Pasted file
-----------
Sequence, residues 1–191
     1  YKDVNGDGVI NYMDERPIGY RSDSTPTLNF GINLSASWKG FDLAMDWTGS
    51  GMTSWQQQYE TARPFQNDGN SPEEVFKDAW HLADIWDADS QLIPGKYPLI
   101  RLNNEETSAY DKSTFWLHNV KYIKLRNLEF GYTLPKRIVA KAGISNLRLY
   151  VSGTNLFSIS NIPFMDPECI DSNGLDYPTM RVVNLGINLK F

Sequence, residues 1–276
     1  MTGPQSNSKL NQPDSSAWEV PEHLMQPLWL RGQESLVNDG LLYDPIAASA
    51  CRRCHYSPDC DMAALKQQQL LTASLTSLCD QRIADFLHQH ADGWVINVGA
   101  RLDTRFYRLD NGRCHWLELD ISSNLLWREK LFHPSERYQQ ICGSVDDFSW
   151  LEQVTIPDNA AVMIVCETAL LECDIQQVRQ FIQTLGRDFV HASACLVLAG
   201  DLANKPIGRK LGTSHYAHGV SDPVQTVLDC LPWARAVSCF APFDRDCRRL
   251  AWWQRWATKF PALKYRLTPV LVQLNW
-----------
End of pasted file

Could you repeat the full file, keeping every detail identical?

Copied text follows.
Sequence, residues 1–191
     1  YKDVNGDGVI NYMDERPIGY RSDSTPTLNF GINLSASWKG FDLAMDWTGS
    51  GMTSWQQQYE TARPFQNDGN SPEEVFKDAW HLADIWDADS QLIPGKYPLI
   101  RLNNEETSAY DKSTFWLHNV KYIKLRNLEF GYTLPKRIVA KAGISNLRLY
   151  VSGTNLFSIS NIPFMDPECI DSNGLDYPTM RVVNLGINLK F

Sequence, residues 1–276
     1  MTGPQSNSKL NQPDSSAWEV PEHLMQPLWL RGQESLVNDG LLYDPIAASA
    51  CRRCHYSPDC DMAALKQQQL LTASLTSLCD QRIADFLHQH ADGWVINVGA
   101  RLDTRFYRLD NGRCHWLELD ISSNLLWREK LFHPSERYQQ ICGSVDDFSW
   151  LEQVTIPDNA AVMIVCETAL LECDIQQVRQ FIQTLGRDFV HASACLVLAG
   201  DLANKPIGRK LGTSHYAHGV SDPVQTVLDC LPWARAVSCF APFDRDCRRL
   251  AWWQRWATKF PALKYRLTPV LVQLNW